(Reuters) - The next FIFA president should be an external candidate with a good record on human rights and governance and provide a strong track record of driving democratic reform, world players' union FIFPro said on Friday.
Football's world governing body, engulfed in the worst scandal in its history, is set to elect a new president on Feb. 26 to replace the suspended outgoing head Sepp Blatter, who has been in charge since 1998.
"A clean break from the past is essential for FIFA to climb out of the toxic pit which continues to produce serious accusations of corrupt behaviour on almost a daily basis," FIFPro said in a statement.
"Clearly, the presumption of innocence is a principle that needs to be upheld while various investigations are ongoing. At the same time, there is no doubt the present mayhem has left FIFA morally bankrupt."
Asian Football Confederation (AFC) President Shaikh Salman bin Ebrahim Al Khalifa of Bahrain said this week he had been urged to stand in the election, but FIFPro's four-point criteria released on Friday was a clear question mark on his suitability.
Salman's AFC election in 2013 was blighted by accusations from human rights groups that he, as head of the Bahrain Football Association and member of Bahrain's royal family, had local football players arrested, detained, abused, tortured and publicly humiliated during democracy protests in February 2011.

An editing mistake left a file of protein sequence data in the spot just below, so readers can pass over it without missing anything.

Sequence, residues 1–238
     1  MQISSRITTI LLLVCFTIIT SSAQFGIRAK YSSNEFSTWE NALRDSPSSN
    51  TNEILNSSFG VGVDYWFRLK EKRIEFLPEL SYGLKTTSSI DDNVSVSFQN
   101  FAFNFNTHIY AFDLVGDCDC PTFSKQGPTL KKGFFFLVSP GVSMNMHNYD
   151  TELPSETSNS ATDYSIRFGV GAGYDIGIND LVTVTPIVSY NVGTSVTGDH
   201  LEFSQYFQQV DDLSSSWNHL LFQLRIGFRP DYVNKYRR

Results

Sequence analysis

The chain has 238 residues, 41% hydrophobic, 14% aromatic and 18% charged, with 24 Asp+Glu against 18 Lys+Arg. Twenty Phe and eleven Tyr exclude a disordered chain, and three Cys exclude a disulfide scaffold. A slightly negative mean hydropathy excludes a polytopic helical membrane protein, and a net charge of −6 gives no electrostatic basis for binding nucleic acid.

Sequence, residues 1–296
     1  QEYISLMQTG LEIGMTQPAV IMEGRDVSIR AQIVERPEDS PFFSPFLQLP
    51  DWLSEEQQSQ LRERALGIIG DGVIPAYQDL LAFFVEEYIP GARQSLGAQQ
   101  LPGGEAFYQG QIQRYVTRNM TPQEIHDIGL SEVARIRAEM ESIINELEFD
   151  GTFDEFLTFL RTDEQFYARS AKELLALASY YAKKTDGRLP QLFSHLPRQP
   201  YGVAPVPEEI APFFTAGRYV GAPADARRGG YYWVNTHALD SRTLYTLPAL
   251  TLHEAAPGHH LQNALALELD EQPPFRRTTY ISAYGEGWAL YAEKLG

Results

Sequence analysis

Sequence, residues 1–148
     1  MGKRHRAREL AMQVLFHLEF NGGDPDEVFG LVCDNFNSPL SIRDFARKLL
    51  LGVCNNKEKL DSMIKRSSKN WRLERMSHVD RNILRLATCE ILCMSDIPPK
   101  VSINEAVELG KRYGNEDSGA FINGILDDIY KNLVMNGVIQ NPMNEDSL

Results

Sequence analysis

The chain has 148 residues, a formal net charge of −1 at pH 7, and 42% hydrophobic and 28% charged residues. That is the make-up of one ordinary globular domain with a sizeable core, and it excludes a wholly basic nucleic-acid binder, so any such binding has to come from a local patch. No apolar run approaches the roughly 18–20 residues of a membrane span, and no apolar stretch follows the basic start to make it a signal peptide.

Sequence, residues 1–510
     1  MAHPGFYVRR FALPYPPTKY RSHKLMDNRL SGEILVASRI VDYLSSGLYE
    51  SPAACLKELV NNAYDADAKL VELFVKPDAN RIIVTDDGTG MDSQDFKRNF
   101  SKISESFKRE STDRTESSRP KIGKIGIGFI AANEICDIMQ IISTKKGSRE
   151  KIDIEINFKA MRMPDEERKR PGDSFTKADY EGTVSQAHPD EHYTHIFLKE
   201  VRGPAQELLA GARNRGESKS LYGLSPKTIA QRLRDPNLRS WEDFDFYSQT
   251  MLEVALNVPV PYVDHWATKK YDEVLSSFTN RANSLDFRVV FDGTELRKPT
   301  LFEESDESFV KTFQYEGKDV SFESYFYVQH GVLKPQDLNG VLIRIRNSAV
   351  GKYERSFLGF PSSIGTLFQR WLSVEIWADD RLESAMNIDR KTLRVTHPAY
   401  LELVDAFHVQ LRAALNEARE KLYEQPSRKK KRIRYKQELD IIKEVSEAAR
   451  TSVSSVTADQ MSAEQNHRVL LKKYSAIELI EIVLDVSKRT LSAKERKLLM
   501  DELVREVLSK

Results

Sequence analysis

Salman vehemently denied the claims, which have resurfaced amid anticipation he will file his nomination papers before Monday's deadline to stand for FIFA's top job.
"A new FIFA president would need to show a body of work based on social wellbeing, fairness, democratic values and human rights," FIFPro said.
"FIFPro, on behalf of the professional footballers it represents worldwide, accepts its responsibility to protect football. This is our game too. The time for politicking is over. FIFPro has no interest in remaining silent when football needs key stakeholders to act and lead by example."
The union's criteria also requested an understanding of the game as a sport and business.
Reuters reported on Tuesday how the AFC was set to agree a new marketing deal with French media group Lagardere without going to a formal tender.
The renewal comes at a time of increased scrutiny of the multi-million dollar marketing deals soccer bodies reach with FIFA and its confederations.
In May, the United States indicted 14 sports marketing executives and soccer officials, including several from FIFA on bribery, money laundering and wire fraud charges. Subsequent investigations have led to the suspension of FIFA officials across the world.
Michel Platini, the president of European soccer's ruling body UEFA, had been favourite to replace Blatter, but his hopes were thrown into doubt after he was placed under an ethics investigation along with the Swiss.
Frenchman Platini, who denies any wrongdoing, is still hopeful of running in the election for which Jordanian Prince Ali Bin Al Hussein, a former FIFA executive committee member, and ex-Trinidad and Tobago midfielder David Nakhid have submitted nominations and announced their candidacy.
Another Frenchman, former FIFA deputy secretary general Jerome Champagne, said on Friday he would also stand in the election.
(Reporting by Patrick Johnston; Editing by Ian Geoghegan)